Construction projects have a lot of moving parts, and unexpected challenges are a given. Unfortunately, equipment losses from theft, fire, and transportation and operations are common challenges —and costly ones. While there is no sure-fire way to guard against equipment loss and damage, construction business owners and contractors can take action to prevent and mitigate risks.
Construction equipment is an attractive target to criminals, who can make huge profits selling stolen machines and tools. Job sites can be especially vulnerable to theft and vandalism if they’re at a remote location or lack the proper security measures.
Mitigating losses starts with administrative controls. Management must be committed to theft prevention and communicate a “zero tolerance” philosophy, so employees take their efforts seriously. Implementing theft prevention policies and unannounced site inspections can help control losses, particularly from “inside jobs”, which unfortunately do happen from time to time.
On site, there are a wide range of security measures that can be implemented. Premises security can include fencing and gates to minimize access points, lighting, and motion-sensitive video cameras and alarms that are actively monitored.
Prevention measures can also be taken with the equipment itself. For example, beyond antitheft marking and tracking devices, small and medium-sized equipment can be protected by using “smart” keys, locking wheels and trailer hitches. For larger equipment, hidden kill switches, fuel shutoffs, track locks and alarm systems can be installed.
Vehicles such as dump trucks and bulldozers have complex mechanical systems and operate under intense conditions, resulting in an above average fire risk. Similarly, off-road vehicles accumulate debris on the frame and under the chassis, creating a greater risk of ignition as they use combustible liquids such as fuel, oil, grease, and hydraulic fluid.1 It’s likely some or all of these vehicles will find themselves at your construction site, so fire risks and prevention should be top of mind.
Fire prevention starts with identifying where fires are most likely to occur, delivering ongoing training, and communicating the plan to everyone on the work site.3
Minimizing the risk of fire involves conducting regular inspections and maintenance to your equipment’s high-risk areas, such as the electrical system, engine blocks, turbochargers, and braking systems. It’s also important not to overlook the basics, such as routine cleaning of debris.3
In order to fuel your equipment safely, one solution is to engage an outside vendor to provide fuel services. If that’s not possible, some considerations for contractors include:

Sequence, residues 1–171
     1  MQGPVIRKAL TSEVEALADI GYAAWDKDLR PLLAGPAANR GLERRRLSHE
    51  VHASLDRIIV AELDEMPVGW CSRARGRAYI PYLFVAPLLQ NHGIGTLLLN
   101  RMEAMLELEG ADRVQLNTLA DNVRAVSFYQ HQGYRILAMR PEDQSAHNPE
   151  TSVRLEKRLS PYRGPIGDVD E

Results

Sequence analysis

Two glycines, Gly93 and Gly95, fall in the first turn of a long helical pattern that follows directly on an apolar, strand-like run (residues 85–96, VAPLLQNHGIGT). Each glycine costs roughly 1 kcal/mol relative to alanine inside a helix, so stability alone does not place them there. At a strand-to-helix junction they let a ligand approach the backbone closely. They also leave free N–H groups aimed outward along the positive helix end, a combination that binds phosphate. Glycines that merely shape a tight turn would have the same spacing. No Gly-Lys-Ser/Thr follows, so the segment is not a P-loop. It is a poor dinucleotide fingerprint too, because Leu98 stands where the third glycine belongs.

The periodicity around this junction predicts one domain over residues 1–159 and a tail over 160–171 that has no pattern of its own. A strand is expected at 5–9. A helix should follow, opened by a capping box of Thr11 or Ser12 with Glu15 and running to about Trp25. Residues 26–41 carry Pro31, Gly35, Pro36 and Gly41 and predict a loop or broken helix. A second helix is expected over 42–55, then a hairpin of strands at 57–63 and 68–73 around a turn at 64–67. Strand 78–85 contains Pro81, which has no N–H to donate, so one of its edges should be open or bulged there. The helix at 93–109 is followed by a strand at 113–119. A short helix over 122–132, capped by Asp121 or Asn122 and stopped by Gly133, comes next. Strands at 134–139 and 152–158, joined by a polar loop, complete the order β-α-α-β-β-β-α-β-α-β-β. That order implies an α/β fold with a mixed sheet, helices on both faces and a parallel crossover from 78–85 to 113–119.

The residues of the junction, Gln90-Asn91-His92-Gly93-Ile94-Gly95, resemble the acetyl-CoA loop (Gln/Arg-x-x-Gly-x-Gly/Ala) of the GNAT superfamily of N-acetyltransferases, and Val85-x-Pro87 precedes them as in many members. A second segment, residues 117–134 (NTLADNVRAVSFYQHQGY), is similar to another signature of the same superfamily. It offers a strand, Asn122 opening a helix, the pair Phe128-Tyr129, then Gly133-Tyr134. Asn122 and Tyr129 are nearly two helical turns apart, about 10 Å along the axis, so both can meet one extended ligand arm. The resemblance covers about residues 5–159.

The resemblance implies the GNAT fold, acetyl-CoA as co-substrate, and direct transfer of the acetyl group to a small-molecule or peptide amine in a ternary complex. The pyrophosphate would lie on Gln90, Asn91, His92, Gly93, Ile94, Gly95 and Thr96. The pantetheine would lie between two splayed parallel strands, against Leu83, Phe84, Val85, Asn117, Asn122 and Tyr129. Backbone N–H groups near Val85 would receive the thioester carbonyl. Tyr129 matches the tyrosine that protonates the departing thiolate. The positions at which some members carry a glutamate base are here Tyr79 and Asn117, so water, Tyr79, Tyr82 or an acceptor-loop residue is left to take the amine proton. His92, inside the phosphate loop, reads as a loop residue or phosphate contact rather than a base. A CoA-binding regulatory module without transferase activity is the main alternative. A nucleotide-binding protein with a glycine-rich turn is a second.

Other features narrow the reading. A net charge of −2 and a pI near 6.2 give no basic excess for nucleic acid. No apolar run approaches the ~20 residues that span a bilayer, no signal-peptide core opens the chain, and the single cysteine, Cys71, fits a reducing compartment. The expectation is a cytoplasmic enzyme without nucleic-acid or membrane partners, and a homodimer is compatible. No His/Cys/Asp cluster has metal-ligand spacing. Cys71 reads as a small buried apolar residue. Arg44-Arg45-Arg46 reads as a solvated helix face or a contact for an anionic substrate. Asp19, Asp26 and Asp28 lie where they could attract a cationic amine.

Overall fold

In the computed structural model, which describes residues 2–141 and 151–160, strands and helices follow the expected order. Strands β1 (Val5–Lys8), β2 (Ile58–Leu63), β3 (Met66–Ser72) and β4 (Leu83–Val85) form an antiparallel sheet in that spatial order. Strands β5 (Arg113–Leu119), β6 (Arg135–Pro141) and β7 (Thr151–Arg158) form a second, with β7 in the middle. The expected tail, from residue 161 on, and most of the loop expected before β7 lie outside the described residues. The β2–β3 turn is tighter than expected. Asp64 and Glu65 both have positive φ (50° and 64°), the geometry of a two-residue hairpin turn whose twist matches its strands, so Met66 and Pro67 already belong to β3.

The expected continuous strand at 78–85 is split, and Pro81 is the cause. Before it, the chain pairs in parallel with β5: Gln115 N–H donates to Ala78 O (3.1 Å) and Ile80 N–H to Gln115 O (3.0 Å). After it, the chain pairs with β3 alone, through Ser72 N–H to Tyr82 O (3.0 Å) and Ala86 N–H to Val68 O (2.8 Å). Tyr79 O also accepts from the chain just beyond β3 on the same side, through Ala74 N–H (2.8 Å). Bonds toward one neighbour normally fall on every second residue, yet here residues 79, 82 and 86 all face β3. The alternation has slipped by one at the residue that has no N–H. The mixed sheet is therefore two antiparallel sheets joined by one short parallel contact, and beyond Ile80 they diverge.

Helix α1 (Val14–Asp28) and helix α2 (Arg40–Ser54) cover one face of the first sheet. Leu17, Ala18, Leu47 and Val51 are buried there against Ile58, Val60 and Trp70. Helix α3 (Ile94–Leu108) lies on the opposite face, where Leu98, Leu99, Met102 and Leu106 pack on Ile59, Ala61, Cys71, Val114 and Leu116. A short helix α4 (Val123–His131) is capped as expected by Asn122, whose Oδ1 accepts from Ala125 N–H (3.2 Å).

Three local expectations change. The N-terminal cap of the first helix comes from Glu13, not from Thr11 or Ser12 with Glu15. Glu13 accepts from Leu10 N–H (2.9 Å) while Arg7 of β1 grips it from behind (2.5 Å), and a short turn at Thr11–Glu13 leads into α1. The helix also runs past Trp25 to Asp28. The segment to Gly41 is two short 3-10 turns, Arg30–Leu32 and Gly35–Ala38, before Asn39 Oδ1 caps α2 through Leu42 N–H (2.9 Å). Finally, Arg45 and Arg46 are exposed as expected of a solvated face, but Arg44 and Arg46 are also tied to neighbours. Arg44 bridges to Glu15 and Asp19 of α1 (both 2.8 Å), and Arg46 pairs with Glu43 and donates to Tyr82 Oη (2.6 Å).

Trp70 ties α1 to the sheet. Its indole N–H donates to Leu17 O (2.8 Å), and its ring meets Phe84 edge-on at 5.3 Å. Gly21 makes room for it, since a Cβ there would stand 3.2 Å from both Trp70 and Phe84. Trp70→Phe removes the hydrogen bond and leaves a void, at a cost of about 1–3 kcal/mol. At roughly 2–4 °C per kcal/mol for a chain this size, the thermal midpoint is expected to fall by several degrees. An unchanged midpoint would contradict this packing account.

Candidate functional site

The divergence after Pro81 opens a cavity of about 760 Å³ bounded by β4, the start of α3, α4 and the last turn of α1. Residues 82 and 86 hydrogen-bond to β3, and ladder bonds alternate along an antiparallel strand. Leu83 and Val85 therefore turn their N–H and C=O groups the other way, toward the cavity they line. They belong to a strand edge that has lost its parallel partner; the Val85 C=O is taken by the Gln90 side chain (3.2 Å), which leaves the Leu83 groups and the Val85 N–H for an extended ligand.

- locating the onsite fuel supply away from ignition sources
- grounding and bonding procedures when handling and dispensing fuel
- establishing procedures for immediate cleanup of fuel spills
In addition, training all employees in the use of fire extinguishers, which must be available on each piece of equipment, is a must.4
Transportation & Operations
Construction equipment can be damaged not only when it’s in operation, but also while being transported between jobs and storage sites. Whether in operation or transport, employees should be thoroughly trained on company policies, safety rules and emergency procedures.5
While there are plenty of hauling companies with the right equipment and expertise for successful transport, construction business owners should keep a few key considerations top of mind in order to transport heavy equipment safely:
- check the owner’s manual for specific instructions on how it should be transported
- map the most linear route ahead of time, keeping an eye out for road widths, overhead passes and bridges
- immobilize equipment wheel components
- outfit vehicles with proper banners, signs and lights.6
On the equipment operations side, preventing damage from overturns starts with hiring drivers with a high level of knowledge, skill and experience. In addition, there are specific operating procedures that should be observed, such as load considerations; the environment, including soil conditions and ground irregularities; clearances, including keeping loads low when overhead obstructions are present; and slopes, including avoiding side hill travel.7
While there are no guarantees in any construction project, implementing controls can reduce the likelihood of equipment losses. In addition, construction business owners and contractors should ensure there are no gaps in their insurance coverage, so they can protect their business and keep their construction projects running smoothing.
1 “Best practices for construction equipment from fire damage,” California Builder and Engineer,” Jan. 25 2018.
2 “Construction site fire safety: A guide for construction of large buildings,” Canadian Wood Council and University of the Fraser Valley, April 2015
3,4,6 Contactors’ Equipment Guide to Loss Prevention, Inland Marine Underwriters Association, 1998.
5 “A how-to for transporting equipment,” Equipment Journal, Jan. 19, 2019 and “How to safely load and transport equipment,” Thompson Tractor Co.